On Fri, Jul 30, 2010 at 3:38 AM, nmarques firstname.lastname@example.org wrote:
2010/7/29 Jos Poortvliet email@example.com
True, this is a strenght of openSUSE. However, from a marketing pov it is not very easy to sell. Ubuntu, as was said, has managed to position themselves as a Gnome based desktop leader. That is a strong and easy message. Saying you do everything will be perceived you do a lot but nothing particularly well. So there should be more focus. BTW this also benefits development - of course it should be open enough to let everyone do what they want but at the same time having a common goal, story, focus - it helps development.
The only lesson in my opinion that can be taken from Ubuntu is the fact they aim to answer directly to users needs. For example, the popularity system they use to provide default packages (I believe it's the same on Debian, not sure though). About GNOME, as I've seen today from a former Red Hat employee, the upstream for GNOME is still 16% from Red Hat and 1% for Ubuntu. (link is in http://planet.fedoraproject.org).
Yes, the difference between marketing and reality ;-) Ubuntu makes more noise than it does work. We all know that by now...
So that's why I think the strategic discussion going on is important, and we really need to finish it properly: there must be a clear message coming out of it. We must have a clear direction, and some of our wide focus will (and has to be) lost there. That is both good and bad - the bad is that some people might feel left out, but the good is that we will gain focus and new contributors.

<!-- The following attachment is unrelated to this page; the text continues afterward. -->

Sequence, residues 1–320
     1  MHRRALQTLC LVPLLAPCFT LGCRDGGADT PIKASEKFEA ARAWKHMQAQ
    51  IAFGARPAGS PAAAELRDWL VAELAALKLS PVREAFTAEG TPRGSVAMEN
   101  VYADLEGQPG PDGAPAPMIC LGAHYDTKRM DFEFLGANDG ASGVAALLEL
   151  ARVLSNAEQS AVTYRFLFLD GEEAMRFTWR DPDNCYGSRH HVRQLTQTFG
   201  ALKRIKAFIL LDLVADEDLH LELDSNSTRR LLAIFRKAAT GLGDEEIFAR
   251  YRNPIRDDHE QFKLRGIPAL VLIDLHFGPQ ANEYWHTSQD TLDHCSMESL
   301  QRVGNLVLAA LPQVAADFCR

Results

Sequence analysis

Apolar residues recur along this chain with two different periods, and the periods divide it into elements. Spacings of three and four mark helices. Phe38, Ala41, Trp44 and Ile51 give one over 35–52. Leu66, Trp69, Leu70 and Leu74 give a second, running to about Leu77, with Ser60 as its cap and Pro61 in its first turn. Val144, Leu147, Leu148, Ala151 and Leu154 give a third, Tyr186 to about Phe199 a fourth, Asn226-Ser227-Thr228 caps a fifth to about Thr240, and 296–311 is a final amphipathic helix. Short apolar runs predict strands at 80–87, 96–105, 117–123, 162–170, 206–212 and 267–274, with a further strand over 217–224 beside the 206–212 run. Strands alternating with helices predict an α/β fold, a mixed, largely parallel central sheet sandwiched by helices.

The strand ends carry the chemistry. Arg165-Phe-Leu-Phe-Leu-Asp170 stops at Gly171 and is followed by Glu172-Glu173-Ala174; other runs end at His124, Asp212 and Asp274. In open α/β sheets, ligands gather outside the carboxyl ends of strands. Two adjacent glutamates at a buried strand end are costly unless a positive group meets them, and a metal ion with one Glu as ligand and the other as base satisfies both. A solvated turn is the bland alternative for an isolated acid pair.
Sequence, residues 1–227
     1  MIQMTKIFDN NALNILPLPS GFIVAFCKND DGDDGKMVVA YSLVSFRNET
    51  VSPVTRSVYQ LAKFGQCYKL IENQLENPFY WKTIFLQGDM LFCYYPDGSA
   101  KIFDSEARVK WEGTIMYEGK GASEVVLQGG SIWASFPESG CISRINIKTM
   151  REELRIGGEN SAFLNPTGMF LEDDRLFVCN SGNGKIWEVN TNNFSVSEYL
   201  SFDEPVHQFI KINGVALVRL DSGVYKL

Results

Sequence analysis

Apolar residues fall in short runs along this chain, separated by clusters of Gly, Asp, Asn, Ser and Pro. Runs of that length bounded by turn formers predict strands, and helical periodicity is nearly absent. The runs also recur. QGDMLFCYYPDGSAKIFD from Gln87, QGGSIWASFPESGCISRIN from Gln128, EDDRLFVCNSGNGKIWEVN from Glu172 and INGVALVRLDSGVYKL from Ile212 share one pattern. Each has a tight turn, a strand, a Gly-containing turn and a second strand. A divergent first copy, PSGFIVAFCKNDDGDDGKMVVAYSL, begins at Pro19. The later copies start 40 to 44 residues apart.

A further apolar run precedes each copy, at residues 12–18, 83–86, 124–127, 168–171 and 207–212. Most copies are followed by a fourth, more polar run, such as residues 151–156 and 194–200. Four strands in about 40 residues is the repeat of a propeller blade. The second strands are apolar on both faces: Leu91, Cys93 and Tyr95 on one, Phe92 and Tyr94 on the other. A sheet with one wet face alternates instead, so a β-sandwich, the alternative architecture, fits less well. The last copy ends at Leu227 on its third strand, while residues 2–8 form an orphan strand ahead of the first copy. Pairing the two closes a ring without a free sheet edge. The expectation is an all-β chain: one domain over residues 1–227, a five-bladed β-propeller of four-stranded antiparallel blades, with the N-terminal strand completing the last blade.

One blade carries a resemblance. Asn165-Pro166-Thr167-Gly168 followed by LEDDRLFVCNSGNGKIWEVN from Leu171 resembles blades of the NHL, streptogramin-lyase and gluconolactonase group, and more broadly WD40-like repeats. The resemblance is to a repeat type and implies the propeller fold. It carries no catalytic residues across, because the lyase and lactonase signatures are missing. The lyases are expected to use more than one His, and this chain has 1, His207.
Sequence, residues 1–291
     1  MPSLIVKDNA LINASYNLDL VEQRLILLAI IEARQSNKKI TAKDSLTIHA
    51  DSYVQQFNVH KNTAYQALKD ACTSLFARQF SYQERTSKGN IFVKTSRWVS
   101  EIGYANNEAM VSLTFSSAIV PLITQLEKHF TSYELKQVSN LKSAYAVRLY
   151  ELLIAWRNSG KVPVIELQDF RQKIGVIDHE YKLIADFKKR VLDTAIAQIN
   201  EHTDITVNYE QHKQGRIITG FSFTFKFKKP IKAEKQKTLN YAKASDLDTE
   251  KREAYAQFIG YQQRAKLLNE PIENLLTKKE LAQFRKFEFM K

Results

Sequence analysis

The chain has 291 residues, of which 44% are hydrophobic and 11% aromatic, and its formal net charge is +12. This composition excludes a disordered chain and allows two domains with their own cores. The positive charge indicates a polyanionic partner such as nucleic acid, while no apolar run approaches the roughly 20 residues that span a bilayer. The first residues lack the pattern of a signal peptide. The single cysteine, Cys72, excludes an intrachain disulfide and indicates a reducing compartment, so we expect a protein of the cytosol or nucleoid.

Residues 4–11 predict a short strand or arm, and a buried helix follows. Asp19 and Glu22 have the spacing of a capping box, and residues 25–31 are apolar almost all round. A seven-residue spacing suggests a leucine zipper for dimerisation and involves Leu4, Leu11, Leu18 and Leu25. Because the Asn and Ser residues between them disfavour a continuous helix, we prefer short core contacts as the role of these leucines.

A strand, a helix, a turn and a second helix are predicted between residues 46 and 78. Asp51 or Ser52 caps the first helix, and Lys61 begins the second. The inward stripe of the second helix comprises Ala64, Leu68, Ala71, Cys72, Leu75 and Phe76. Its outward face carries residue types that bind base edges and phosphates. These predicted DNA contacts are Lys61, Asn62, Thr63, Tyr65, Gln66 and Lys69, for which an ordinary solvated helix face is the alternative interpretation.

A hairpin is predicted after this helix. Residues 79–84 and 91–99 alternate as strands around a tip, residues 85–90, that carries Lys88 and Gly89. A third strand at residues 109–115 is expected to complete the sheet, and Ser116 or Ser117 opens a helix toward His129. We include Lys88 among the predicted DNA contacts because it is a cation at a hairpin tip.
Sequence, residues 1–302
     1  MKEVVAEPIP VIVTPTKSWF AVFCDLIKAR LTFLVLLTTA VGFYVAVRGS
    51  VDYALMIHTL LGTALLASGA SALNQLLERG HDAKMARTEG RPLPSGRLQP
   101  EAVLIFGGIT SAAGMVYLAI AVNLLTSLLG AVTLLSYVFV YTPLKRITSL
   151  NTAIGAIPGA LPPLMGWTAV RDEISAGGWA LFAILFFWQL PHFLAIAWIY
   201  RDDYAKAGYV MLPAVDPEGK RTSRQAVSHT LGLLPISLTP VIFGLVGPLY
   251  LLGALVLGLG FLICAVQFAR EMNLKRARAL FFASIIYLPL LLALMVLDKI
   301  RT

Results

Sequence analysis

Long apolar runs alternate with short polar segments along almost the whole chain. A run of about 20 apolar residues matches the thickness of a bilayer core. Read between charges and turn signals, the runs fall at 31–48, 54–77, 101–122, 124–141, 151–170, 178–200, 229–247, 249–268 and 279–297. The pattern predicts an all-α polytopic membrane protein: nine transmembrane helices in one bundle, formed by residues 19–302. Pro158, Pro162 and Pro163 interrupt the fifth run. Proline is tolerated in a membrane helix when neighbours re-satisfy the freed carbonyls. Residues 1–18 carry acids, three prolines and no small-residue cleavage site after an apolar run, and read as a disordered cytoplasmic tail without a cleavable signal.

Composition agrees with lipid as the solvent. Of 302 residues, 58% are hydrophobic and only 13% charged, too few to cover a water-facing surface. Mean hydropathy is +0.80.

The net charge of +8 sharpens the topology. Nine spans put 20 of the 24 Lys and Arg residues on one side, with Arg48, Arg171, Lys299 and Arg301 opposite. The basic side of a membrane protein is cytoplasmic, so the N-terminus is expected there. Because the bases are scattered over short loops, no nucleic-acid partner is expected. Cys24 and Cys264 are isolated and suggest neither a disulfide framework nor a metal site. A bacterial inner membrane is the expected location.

My advice would be to identify your target audience (for example potential contributors with X and Y skills) and get to know what they give value and on how they perceive their value so that in future you can offer those 'features'. This should be the main work object of your Marketing, promote those 'features' and have a message that provides a 'hook' to those audiences.
Good point. You can/should bring this up in the strategy discussion going on... ?!?
We constantly innovate (obs,moblin->meego,susestudio,wiki rebirth) but we also have to finish those hype project, they are our marketing force, the brilliant thing we can show to the world of news,dig,rss,twit ...
Yep, these things must be advertised. And again - focus. We must create a common story, a 30 sec elevator pitch which explains how these hang together and what makes them so important to us.